Five Ways Selling a Condo in Edmonton is Different from Selling a House
When it comes to the Edmonton real estate market, there are plenty of things to know, especially since it is constantly changing. The market for single family homes is always slightly different than the condo market, which keeps buyers and sellers constantly on their toes. If you have experience selling a detached house in Edmonton, but haven’t yet delved into the process of selling a condo, here are five significant ways the process differs.
1. Signage Marketing: Less Curb Appeal
Since a condominium unit is a part of a building, it is difficult to attract buyers from the street. The rules in condominiums will often restrict the seller from placing a sign in front of the building, and yet, even if you can put a sign out, it probably won’t identify your specific condo. You also don’t have control over curb appeal since the curb appeal really applies to the building or complex as a whole. If you were hoping to just stick a sign out front, you’ll have to find another way of advertising that your condo is for sale.
2. You Have Less Freedom with Your Asking Price
When it comes to pricing a condominium versus pricing a detached home, there are some specific pieces of market information that a seller and their real estate agent must pay attention to. First and foremost, the seller should be made aware of any other units that are currently for sale in the building, as well as any recent sales that occurred. If other residents in your building or surrounding buildings have recently sold their condos, you’ll find that they may have created a benchmark price. This can significantly restrict your asking price, so it’s important to know the going rate for other condos in your area and price your condo appropriately.
3. Timing Your Sale is Key
Although it’s very possible to have a number of homes for sale in the same neighbourhood at any given time, it’s much less likely that these homes are as comparable to one another as what occurs in the case of a condominium complex. When selling a condo, therefore, it may be best to go on the market when there is less competition within your building – that is, no other “same or similar” units on the market. If your condo is the only one on your building currently on the market, you will be better able to make it distinguishable it from other residences in the area without competing on price alone.
4. Financing: Appealing to a Younger Age Group
Without making too many generalizations, it’s beneficial to consider the type of demographic your condo appeals to most. If it happens to be a small one-bedroom condo near a university, it could just be the case that a younger person, perhaps a student, would be interested in buying it. First-time homebuyers generally aren’t able to afford a detached house, and many opt for a condominium for their first purchase. This means that it’s much more likely that financing be involved in the purchase of the condominium, which is a factor that the seller should expect. It’s also common that a first time buyer will require mortgage insurance, and there have been instances where insurance has been denied for entire complexes, which removes a big section of the “buyer pool.”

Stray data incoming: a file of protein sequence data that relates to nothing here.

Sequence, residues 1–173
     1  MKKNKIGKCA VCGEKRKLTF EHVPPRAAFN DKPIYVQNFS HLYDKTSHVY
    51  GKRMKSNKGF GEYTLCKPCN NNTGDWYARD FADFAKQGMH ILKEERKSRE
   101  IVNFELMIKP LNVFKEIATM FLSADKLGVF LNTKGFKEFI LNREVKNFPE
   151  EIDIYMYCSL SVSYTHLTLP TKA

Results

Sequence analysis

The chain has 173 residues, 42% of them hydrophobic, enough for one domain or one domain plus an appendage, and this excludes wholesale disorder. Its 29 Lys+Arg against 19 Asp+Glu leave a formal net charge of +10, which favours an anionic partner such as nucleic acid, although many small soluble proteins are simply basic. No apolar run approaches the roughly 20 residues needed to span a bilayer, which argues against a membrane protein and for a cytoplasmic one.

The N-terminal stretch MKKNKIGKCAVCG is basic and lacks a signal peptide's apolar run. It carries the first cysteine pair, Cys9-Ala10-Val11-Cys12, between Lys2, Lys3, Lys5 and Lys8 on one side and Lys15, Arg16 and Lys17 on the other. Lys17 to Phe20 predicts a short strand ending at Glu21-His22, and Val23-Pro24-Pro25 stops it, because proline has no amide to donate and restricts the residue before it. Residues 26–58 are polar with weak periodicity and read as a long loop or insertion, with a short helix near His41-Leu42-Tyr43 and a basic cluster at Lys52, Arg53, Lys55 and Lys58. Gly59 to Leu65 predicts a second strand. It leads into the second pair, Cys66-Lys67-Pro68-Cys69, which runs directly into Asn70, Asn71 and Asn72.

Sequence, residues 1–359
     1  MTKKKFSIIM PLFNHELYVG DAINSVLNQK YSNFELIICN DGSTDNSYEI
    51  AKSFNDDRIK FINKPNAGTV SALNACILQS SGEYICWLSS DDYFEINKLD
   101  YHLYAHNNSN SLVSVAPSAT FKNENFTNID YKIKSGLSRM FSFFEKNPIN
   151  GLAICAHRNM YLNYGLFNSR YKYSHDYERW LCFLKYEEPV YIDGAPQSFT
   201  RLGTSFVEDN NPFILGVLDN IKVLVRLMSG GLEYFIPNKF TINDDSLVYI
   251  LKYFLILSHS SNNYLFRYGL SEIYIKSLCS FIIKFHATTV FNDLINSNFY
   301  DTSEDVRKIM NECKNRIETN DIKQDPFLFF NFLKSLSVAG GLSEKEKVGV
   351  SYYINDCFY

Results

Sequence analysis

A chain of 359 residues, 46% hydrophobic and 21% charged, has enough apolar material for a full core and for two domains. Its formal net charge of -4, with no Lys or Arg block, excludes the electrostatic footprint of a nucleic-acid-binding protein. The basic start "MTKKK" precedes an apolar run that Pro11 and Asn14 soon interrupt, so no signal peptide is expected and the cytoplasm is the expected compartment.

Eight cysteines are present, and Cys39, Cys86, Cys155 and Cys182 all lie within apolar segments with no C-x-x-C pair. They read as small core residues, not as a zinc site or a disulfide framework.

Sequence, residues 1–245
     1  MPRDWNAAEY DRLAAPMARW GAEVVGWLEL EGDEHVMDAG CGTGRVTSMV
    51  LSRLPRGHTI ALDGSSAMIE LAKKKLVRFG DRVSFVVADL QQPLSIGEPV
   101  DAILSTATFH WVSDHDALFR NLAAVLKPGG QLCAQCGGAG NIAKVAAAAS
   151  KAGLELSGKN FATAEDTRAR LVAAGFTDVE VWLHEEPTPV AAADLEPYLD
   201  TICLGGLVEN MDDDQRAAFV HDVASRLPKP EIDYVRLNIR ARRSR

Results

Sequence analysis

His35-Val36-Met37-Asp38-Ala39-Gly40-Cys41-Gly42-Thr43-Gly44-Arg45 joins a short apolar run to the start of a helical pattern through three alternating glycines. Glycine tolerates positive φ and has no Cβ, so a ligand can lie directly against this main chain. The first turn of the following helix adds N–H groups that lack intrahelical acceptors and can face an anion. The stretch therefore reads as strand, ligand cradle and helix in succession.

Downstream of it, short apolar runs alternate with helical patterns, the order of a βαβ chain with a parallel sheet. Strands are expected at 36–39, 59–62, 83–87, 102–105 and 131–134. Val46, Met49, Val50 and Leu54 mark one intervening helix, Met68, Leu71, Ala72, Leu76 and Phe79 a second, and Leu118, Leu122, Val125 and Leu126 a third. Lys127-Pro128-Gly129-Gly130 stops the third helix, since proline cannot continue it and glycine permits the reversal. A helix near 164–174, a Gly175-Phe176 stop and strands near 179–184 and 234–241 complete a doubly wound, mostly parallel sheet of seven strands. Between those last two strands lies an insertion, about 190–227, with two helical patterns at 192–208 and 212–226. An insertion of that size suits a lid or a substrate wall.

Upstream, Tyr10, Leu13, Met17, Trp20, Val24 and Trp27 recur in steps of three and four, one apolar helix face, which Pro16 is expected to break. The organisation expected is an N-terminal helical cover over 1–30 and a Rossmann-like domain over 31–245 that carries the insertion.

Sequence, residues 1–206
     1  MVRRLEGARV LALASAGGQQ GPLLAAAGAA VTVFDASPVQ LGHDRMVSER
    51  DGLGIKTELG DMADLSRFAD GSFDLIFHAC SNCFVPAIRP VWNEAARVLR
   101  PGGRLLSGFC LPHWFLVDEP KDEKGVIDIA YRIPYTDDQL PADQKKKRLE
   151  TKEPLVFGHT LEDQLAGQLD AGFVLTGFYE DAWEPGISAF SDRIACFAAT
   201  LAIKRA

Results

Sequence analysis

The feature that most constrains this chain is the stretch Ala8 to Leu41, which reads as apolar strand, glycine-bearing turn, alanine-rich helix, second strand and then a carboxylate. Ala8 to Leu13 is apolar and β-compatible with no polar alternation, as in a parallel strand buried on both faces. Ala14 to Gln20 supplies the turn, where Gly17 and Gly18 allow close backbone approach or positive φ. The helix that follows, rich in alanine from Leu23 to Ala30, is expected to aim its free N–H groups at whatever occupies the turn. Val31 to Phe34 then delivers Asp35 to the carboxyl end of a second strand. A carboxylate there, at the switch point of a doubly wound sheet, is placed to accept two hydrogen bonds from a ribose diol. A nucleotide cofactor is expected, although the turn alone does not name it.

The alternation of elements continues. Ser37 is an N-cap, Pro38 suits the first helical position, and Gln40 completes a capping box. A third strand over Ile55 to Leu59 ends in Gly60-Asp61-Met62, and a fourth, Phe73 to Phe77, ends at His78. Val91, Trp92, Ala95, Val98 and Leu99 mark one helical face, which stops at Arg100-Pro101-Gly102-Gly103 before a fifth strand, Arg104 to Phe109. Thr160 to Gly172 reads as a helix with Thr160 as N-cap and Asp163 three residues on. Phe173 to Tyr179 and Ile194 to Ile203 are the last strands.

5. Due Diligence: Document Everything
While abiding by the rules and regulations of the condo management company during the process of the sale, the seller must also make all relevant documentation available to any potential buyers. This is a major difference when selling a condo versus selling a detached home, for the buyer must undertake careful and rigorous due-diligence. Understanding the history of the building, any additional warranty, as well as any work that may be planned for the near future will certainly help to inform the buyer, and can lead to a much smoother sale. Depending on the company that manages your complex, ordering condo documents can be an expensive and lengthy process, an agent can help you determine which documents you need and when they should be ordered.
Having sold plenty of Edmonton condos, it’s easy to confirm that the process can be extremely rewarding for both the seller and the buyer. As a seller, the more you experience you have in the condo market, the more you’ll begin to understand how different the process is than selling a detached home. You’ll likely see, however, that you can reap the same benefits and, with the help of an experienced real estate agent, get a great price for your condo. If you’re thinking of selling your condo, we’d love to help. Contact us anytime.
About Sara MacLennan
Sara MacLennan is the Director of Marketing at Liv Real Estate and a licensed Real Estate Associate. The bulk of Sara’s experience and wealth of expertise lies in on-line technology and marketing both for agents and consumers. Sara is the former National Director for Interactive Marketing for Coldwell Banker Canada where she was responsible for an extensive training program traveling to offices across the country training agents and brokers on marketing and technology. Find Sara on Twitter @edmontonblogger.